Guernica: So in its limited way, aid works?

Morten Pedersen: Aid works to the extent that aid works in any country. Usually it doesn’t change a country, right? But it can do things at the individual level.

Guernica: Your book strongly argues for more understanding not just of Burmese history but of the specific perspective of this murderous military junta. Many would criticize this argument that we need to understand bad guys. Dick Cheney offered extreme contempt for American liberals by saying something like, “Liberals want to put terrorists on the couch and psychoanalyze them.” In a way, you take a step in that direction. Tell me what the benefits of understanding the generals are.

Morten Pedersen: I think to address Cheney’s point, there are definitely people who cannot be reformed. But accepting that is not to accept that you can’t make a difference. Of course, if there are people who can’t be reformed then the difference that you can make is with other people, including other people in the regime. Some people say hardliners and softliners; it’s a useful way of distinguishing [how] the Burmese regime has softliners just as any other regime. And to the extent that engagement can change minds, can change policies, those are the people we’re looking at. So engagement at best can reinforce or empower people within the regime who are interested in [change].

Guernica: Of course now the Obama administration is engaging “pragmatically” with the regime. To make this engagement more productive, you argue that Burmese history ought to be better understood. What does that history look like?

Morten Pedersen: I think we have to accept that this is a military that genuinely believes that Burma without its military in control (not necessarily as rulers, but certainly in a key role) would not have survived and even today would not survive.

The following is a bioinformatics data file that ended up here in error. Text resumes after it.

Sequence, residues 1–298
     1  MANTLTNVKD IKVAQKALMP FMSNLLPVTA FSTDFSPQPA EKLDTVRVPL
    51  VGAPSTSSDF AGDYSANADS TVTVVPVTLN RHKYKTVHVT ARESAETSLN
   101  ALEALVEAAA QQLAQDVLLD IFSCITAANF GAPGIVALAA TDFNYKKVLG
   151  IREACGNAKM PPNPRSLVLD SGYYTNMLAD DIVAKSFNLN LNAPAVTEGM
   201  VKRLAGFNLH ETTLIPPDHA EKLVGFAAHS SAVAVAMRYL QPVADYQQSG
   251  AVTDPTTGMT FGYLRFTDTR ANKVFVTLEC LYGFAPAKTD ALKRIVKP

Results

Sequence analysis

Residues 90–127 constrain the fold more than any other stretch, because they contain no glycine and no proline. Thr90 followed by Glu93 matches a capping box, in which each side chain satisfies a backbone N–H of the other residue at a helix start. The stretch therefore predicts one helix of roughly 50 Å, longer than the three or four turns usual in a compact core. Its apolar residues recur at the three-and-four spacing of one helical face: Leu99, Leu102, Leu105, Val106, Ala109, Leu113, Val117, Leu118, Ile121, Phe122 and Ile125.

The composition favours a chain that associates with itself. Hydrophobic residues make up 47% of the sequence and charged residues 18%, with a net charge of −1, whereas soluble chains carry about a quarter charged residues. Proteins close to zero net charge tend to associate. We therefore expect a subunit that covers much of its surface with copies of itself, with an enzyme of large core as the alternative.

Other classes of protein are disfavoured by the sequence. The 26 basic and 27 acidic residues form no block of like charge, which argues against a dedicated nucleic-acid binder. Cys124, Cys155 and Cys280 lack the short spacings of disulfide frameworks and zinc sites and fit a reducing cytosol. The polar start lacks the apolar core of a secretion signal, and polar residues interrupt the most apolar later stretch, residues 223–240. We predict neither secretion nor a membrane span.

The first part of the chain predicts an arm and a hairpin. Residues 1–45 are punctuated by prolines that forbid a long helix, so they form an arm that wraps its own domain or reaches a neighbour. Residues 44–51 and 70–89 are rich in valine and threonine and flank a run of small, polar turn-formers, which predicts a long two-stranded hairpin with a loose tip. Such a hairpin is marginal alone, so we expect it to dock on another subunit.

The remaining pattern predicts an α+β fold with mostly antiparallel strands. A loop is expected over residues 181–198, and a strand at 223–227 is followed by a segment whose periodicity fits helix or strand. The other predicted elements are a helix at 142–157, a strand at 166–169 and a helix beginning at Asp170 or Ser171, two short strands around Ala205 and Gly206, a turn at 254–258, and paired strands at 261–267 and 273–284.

If you take sanctions too far, as we have in Burma, you start blocking other things that would be more effective in helping the Burmese people and bringing about improvements in their human rights.

Guernica: Besides the Buddhist clergy, the military is the only viable institution with any longevity in Burma. And that goes back to just after World War II when independence came; Aung San Suu Kyi’s dad, feeling angry and humiliated by decades and decades of colonial rule, impatiently but understandably told the British to beat it before the Brits could rebuild the country. With the chaos that ensued, the military was the only feasible institution. This was the view that developed, in part as a justification for the generals’ curtailing democracy. Many have argued, including Burmese historian Thant Myint-U, that the military remains the only viable institution in Burma.

Morten Pedersen: Yeah, I mean I’m not personally prepared to accept the argument that a depoliticized military would be the end of Burma.

Guernica: Which is what military hardliners argue.